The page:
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How many caterpillars can you spot? Look again at the silhouetted leaves and blooms and you notice there are flaps to lift. Open the top left-hand flap to reveal …

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And then the other four flaps and you’ll see a whole lot going on in vibrant colours …

 

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The subsequent spreads show the life cycle and life journey of the Monarch butterfly. (In North America, the Monarch migrates en masse to Mexico during the course of its life.)

 

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Essentially that’s it and every spread is beautifully designed and arresting first in black and white and then with its flashes of flamboyant colour.
Although the Monarch isn’t a breeding British butterfly, this book is a striking visual account of a butterfly’s life cycle.

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The Tiger Prowls
Seb Braun
Simon & Schuster
It’s hard to choose a favourite from the five animals that pop out from the pages of this seemingly simple yet impressive book. I love the shape and feel of the whole thing – its arresting cover, the way it whizzes through the various habitats the colour palette used and the clever paper engineering. Then there’s the elegant prose of the sentences used to describe each of the iconic creatures that grace the spreads.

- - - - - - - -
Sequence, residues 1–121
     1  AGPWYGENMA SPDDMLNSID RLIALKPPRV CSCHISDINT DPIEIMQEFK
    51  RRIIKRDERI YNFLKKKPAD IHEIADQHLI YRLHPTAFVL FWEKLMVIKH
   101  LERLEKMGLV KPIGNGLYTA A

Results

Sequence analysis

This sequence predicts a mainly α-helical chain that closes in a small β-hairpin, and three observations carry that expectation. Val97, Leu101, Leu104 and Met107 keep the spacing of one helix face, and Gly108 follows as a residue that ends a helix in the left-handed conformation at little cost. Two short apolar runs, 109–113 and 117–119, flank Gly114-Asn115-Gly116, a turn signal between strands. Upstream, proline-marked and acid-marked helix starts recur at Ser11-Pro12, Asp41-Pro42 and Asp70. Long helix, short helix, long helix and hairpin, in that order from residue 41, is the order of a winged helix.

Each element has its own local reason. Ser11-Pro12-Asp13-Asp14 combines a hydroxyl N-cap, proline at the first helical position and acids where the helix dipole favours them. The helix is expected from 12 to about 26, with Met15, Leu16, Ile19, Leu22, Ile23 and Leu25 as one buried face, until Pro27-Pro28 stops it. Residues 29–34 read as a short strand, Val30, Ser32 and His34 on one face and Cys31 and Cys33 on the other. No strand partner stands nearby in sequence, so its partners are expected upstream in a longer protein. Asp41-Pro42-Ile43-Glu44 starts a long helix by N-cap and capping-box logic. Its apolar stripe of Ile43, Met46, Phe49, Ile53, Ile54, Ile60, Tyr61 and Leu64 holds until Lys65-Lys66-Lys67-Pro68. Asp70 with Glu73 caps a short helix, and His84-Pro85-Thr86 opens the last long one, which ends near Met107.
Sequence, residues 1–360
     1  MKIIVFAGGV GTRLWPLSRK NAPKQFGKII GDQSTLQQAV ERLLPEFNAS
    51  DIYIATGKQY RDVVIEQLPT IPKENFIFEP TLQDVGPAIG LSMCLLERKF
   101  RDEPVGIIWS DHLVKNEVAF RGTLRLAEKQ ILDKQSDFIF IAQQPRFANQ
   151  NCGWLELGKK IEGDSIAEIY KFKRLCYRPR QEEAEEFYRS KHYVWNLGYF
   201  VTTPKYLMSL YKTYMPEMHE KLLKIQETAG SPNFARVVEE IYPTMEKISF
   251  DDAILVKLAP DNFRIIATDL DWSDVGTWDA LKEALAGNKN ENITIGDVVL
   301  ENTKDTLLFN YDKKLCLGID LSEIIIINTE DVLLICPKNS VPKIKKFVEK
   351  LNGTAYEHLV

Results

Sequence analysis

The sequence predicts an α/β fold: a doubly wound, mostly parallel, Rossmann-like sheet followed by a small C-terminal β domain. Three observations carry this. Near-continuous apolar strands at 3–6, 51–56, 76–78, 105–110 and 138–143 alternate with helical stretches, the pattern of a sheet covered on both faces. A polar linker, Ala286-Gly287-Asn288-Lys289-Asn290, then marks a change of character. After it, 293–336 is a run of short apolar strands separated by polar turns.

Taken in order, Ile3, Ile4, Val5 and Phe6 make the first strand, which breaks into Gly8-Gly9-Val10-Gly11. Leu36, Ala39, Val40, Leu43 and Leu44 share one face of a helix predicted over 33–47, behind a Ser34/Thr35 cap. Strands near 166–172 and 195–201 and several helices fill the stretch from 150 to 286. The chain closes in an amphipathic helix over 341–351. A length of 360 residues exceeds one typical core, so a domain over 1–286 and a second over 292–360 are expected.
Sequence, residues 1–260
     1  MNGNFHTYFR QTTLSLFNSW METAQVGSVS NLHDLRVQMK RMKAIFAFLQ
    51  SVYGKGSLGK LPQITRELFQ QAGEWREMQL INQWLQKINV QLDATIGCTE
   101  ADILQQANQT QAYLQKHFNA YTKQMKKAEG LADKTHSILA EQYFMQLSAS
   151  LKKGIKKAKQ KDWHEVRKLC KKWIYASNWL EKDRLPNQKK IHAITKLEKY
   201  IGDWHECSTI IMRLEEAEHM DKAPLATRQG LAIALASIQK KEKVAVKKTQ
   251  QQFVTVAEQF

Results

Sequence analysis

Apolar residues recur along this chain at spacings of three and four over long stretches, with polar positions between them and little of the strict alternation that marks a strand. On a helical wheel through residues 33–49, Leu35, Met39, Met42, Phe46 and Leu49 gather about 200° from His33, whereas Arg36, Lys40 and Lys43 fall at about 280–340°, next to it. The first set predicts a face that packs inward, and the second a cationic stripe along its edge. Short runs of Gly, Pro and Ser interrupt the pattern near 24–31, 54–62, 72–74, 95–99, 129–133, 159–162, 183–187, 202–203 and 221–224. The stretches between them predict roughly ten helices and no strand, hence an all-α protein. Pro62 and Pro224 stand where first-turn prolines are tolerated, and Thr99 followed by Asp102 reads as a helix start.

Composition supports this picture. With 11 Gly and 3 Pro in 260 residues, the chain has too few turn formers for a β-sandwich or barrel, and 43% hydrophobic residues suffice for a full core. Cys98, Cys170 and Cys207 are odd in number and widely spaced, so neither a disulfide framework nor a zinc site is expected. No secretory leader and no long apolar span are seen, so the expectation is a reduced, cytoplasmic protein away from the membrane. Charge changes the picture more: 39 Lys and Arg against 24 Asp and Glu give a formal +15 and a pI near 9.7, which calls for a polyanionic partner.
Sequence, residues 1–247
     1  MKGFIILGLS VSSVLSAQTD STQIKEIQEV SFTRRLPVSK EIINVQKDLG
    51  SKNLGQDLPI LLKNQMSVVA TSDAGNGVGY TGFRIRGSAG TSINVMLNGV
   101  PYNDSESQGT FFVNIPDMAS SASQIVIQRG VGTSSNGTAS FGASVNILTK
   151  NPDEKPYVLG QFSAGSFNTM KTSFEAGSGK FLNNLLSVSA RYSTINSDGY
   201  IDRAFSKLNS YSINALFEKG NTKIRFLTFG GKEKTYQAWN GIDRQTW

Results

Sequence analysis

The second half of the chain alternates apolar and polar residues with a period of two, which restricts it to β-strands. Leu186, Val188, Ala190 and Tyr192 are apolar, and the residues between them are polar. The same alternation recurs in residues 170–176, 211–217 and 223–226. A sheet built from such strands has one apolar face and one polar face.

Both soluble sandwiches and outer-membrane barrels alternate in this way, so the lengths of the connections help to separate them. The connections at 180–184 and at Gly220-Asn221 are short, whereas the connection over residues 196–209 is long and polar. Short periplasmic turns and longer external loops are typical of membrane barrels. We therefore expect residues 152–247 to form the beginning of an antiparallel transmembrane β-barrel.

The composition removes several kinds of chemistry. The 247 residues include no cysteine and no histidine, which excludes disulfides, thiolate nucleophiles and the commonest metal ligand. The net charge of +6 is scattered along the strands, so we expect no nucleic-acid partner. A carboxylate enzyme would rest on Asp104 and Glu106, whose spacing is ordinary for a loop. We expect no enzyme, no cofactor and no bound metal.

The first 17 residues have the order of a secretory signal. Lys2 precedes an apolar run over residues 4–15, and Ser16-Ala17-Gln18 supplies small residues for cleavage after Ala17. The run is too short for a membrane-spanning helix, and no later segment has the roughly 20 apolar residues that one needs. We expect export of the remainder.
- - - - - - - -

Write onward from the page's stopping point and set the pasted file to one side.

First off is that tiger from the cover described thus:
‘The tiger prowls, stalking the jungle. Paw after heavy paw crunches on the forest floor. And so he does emerging from a gentle hint of vegetation straddling that first spread across which slides a muted snake.
Turn over and meet a graceful whale with its cleverly upturned tail and snout;

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the brown bear padding slow through the forest, the mighty elephant taking a shower in the hot sun (If I’m fussy I’d like to have seen an upturned trunk and slightly sharper tusks here ) and finally …

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Gentle, elegant, treetop nibbling, cloud-high grazer giraffe ‘pitching his way across the savannah, like a ship adrift on the open plain.’ (love those bird silhouettes)
Aimed at the very young but I can also envisage older children who get hold of this being inspired to try their hand at making their own pop-up animals.

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Dinoblock
Christopher Franceschelli and Peskimo
Abrams & Chronicle
MEET THE DINOSAURS says the sign across the museum doors and on opening them readers (and the two child investigators) find two key questions ‘Who are the dinosaurs?’ and ‘Where are the dinosaurs?’
From then on the book’s clever design really comes into play with a formula that is used to great effect for the next ninety or so pages using a mix of cleverly crafted cutaway pages and a series of similes likening each of the twenty three dinosaurs introduced to something a young child is likely to be familiar with, followed by another spread showing the particular dinosaur in its natural habitat and a sentence giving the dinosaur’s name with its phonetic pronunciation. Thus we have for instance, ‘I have a neck like a goose …